No New CAFE Ruling Until Obama Administration Takes Over
Approving the new, more demanding and far more controversial fuel efficiency requirements covering 2011-2015 model year vehicles has now officially been passed on to the incoming Obama administration. In a tersely worded one-paragraph statement issued today by the U.S. Department of Transportation (DOT), finalizing the new standards -- which the Bush administration originally promised would be done by the end of last year -- has now officially been added to the already daunting Obama agenda.
According to the DOT release: "The recent financial difficulties of the automobile industry will require the next administration to conduct a thorough review of matters affecting the industry, including how to effectively implement the Energy Independence and Security Act of 2007 (EISA). The National Highway Traffic Safety Administration (NHTSA) has done significant work that will position the next Transportation Secretary to finalize a rule before the April 1, 2009 deadline."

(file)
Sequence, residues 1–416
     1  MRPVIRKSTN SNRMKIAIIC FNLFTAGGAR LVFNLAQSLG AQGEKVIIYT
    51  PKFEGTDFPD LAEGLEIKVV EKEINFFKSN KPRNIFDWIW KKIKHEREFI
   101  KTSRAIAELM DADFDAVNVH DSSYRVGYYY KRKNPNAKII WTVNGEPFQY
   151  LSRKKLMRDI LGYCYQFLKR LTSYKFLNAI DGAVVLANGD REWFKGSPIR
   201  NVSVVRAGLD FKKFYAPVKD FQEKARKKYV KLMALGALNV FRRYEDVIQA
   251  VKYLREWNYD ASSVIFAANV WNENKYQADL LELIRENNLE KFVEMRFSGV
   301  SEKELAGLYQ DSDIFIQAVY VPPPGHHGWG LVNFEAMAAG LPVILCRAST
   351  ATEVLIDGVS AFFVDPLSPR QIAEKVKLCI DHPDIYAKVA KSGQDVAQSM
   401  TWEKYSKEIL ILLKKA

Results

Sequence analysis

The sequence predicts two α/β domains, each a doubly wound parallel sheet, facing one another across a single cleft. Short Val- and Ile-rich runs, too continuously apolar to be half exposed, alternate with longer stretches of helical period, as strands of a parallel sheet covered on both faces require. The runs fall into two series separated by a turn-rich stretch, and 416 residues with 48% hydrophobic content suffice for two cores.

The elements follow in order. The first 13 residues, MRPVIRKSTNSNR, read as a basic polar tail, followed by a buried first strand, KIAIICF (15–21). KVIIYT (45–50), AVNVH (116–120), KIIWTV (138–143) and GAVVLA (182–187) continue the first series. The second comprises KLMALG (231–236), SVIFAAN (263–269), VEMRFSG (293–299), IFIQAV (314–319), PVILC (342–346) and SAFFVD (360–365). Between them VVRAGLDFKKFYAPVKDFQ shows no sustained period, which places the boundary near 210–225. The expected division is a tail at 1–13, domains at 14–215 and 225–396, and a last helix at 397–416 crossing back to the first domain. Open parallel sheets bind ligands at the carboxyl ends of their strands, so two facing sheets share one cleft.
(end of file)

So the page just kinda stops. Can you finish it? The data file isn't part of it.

Under the EISA, Corporate Average Fuel Economy (CAFE) standards are slated to rise nearly 40 percent from their current levels, reaching a mandated fleet average of 35 mpg by 2020. However, automakers have been struggling with the specifics currently being proposed -- and of implementation costs that are expected to add $45-$50 billion to the industry's collective budget between now and then. The most contentious part of this new deal remains a requirement that fuel economy be increased on an annual basis, rather as being carried out as part of a model-cycle changeover as they do now. Continuing efforts by various individual states to mandate even more stringent emissions requirements also has added another level of complexity -- and potential cost -- to rebalancing the overall CAFE equation.